My colleague and friend Charlotte Walker has presented her poster entitled ‘Conducting research in the Magistrates’ Court: practical and ethical issues’. Her thesis looks at experiences of defendants who do not have legal representation. Charlotte is seeking to explore why people chose to represent themselves in court, what resources they use for this and the impact of unrepresented defendants on court proceedings and on other agents of the criminal justice process like judges, magistrates or legal representatives. Her fieldwork involves observations of court proceedings and interviews of a variety of court actors. The poster she presented focused on the fieldwork and obstacles faced in the data collection phase of her research. This resonated with me as I have also been conducting interviews with participants that are rather difficult to reach.

The following day, I decided to attend a panel organised by the Community Sanctions and Measures Working Group, which was entitled ‘Transforming resettlement?’. In researching processes of desistance and teaching a ‘Rehabilitation of offenders’ module, I have somewhat familiarised myself with the literature on resettlement and rehabilitation, specifically concerning the role of probation supervision.

In this panel, I particularly enjoyed Professor Peter Raynor’s presentation, entitled ‘Resettlement after short prison sentences: what might work in England and Wales’. Professor Raynor contrasted the current notion of resettlement after prison to that of “aftercare” used until the 1980s. In the context of the changes brought about in probation by the Transforming Rehabilitation initiative, he pointed out that nothing concrete was put in place to ensure resettlement plans were implemented. With the decrease of voluntary sector involvement in resettlement since Transforming Rehabilitation was implemented, the risk of recall to prison has increased, which begs the question: what might work? This presentation is perhaps one of the talks that stuck with me the most during this conference, as it challenged the notion of compulsory supervision in thinking about efficient efforts for offender management and resettlement.

Friday afternoon, there was a coffee and ice cream break, provided by the American Society of Criminology, followed by the ESC general assembly. Among other things, the topic of the conference sponsorship by private security companies G4S, Securitas and Series Security was discussed. Prior to the conference, a number of academics had written an open letter to the president and president-elect of the ESC to challenge and question the coherence of these sponsorships. During the assembly, it was agreed that members would have time during the following weeks to contribute in drafting criteria and conditions that frame the accepted sponsors of the society and the conferences.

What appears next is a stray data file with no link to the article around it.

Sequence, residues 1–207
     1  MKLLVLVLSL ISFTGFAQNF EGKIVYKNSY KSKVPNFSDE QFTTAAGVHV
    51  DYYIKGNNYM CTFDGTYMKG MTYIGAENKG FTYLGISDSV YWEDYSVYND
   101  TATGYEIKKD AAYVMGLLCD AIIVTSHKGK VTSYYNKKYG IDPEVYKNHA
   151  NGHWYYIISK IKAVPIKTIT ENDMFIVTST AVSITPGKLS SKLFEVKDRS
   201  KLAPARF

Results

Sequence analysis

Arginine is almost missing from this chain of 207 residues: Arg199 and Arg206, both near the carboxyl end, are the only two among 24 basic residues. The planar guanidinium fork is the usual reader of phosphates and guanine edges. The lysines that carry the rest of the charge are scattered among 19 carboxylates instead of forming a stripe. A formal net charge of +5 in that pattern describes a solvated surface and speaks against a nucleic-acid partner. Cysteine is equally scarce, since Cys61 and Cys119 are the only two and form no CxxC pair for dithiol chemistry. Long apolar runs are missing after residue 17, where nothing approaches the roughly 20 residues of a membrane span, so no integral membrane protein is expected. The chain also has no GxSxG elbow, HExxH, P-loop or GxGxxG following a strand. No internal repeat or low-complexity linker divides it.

Saturday morning, I went to a panel on ‘Development and life-course criminology’. My own topic of research has been influenced by development and life-course studies, so I was particularly drawn to this panel. Babette von Hazebroek presented a paper entitled ‘Who are really at risk? Using risk profiles to differentiate between offending trajectories of early onset offenders’. Babette has used questionnaire and interview data to perform a statistical analysis to explore differences in offending trajectories according to different risk profiles. I particularly liked that she had linked her findings with theories of life-course criminology, which I was familiar with, as this provided me with a different approach to understanding and employing these theories, specifically through the notion of risk.

In the last plenary session, our very own Professor Joanna Shapland gave a talk entitled ‘Seeing people in the round: the challenge for criminal justice policy and practice’. She suggested that one of the challenges criminology today was to avoid the perception of individuals at the heart of our research, as an amalgamation of factors and risks rather than people who actively navigate through their contexts or situations. Focusing on desistance, she put forward the argument that theories need to be about change, agency, opportunity, hope, ultimately “restoring the whole person from the pile of their fissured parts”.
The closing ceremony ended the conference with a speech from next year’s organiser from Bucharest and from the president-elect of the ESC, Professor Lesley McAra.

In summary, my first international conference was a great experience. I attended some excellent panels and thought-provoking presentations. I have genuinely learned and gained a lot from talking and listening to other academics. I hope to return in the future to present the results from my thesis and continue to exchange with criminologists from all around the world.

Ruwani is a third year PGR at the University of Sheffield’s School of Law. Her thesis is a comparative study of desistance processes in France and England. She looks at subjective experiences of people who wish to stop offending and who are supervised on probation, through the narratives of those who are concerned. With this study, she aims to take an international approach to advance knowledge on the unique contexts and processes involved with desistance from crime. More broadly, she is interested in rehabilitation, reintegration, prisoner resettlement and comparative criminology.
You can reach Ruwani on rfernando1@sheffield.ac.uk or @Ruwani_F on twitter.